Remove a server but leave its drives
If you intend to add the server back into the cluster soon, or if you intend to keep its drives by moving them to another server, you can remove the server from the cluster without removing its drives from the storage pool. This is the default behavior if you use Failover Cluster Manager to remove the server.
This cmdlet succeeds quickly, regardless of any capacity considerations, because the storage pool "remembers" the missing drives and expects them to come back. There is no data movement away from the missing drives. While they remain missing, their OperationalStatus will show as "Lost Communication", and your volumes will show "Incomplete".
When the drives come back, they are automatically detected and re-associated with the pool, even if they are now in a new server.
Do not distribute drives with pool data from one server into multiple other servers. For example, if one server with ten drives fails (because its motherboard or boot drive failed, for instance), you can move all ten drives into one new server, but you cannot move each of them separately into different other servers.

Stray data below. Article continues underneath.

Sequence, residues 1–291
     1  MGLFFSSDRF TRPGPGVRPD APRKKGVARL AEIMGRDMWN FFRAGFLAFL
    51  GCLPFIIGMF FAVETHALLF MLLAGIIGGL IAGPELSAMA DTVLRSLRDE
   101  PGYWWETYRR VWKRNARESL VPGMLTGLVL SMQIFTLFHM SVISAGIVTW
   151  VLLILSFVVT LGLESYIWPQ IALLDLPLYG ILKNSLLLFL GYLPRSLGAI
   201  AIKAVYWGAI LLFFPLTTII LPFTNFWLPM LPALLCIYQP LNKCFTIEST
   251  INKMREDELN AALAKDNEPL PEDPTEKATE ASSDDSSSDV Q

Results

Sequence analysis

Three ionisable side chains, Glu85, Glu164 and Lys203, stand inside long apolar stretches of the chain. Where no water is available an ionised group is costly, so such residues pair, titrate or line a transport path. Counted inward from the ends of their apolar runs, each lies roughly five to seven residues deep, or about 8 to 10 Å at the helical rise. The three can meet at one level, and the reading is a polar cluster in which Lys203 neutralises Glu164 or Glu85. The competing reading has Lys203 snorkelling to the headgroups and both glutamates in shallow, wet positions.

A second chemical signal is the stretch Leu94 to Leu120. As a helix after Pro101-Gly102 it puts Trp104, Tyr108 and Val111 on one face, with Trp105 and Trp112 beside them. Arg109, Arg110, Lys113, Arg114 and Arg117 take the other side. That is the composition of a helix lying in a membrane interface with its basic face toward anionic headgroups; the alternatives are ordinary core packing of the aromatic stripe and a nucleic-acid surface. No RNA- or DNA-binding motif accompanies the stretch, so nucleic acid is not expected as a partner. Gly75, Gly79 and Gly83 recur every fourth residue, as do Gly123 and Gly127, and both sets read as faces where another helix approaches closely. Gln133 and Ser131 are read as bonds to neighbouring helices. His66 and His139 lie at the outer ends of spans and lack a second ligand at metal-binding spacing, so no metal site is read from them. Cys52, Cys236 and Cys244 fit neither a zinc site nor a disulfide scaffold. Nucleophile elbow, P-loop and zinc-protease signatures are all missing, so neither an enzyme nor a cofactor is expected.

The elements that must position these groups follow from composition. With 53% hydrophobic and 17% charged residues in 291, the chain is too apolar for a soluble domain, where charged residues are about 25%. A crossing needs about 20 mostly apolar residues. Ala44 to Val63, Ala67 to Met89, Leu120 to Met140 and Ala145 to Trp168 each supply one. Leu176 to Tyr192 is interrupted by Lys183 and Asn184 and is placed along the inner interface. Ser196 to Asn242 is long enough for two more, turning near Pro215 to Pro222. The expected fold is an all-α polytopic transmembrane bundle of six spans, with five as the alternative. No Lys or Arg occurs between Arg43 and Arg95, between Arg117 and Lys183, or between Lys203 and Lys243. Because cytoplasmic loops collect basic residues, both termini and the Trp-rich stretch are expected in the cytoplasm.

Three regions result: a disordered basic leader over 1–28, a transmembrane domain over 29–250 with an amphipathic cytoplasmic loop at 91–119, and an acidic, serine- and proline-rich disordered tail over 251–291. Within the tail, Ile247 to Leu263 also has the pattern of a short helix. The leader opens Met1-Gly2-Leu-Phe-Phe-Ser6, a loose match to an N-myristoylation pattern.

Remove a server and its drives
Remove-ClusterNode <Name> -CleanUpDisks
This cmdlet might take a long time (sometimes many hours) to run because Windows must move all the data stored on that server to other servers in the cluster. Once this is complete, the drives are permanently removed from the storage pool, returning affected volumes to a healthy state.
To permanently scale-in (remove a server and its drives), your cluster must meet the following two requirements. If it doesn't, the Remove-ClusterNode -CleanUpDiskscmdlet will return an error immediately, before it begins any data movement, to minimize disruption.
First, you must have enough storage capacity in the remaining servers to accomodate all your volumes.
For example, if you have four servers, each with 10 x 1 TB drives, you have 40 TB of total physical storage capacity. After removing one server and all its drives, you will have 30 TB of capacity left. If the footprints of your volumes are more than 30 TB together, they won't fit in the remaining servers, so the cmdlet will return an error and not move any data.
Enough fault domains
Second, you must have enough fault domains (typically servers) to provide the resiliency of your volumes.
For example, if your volumes use three-way mirroring at the server level for resiliency, they cannot be fully healthy unless you have at least three servers. If you have exactly three servers, and then attempt to remove one and all its drives, the cmdlet will return an error and not move any data.
This table shows the minimum number of fault domains required for each resiliency type.
Minimum required fault domains
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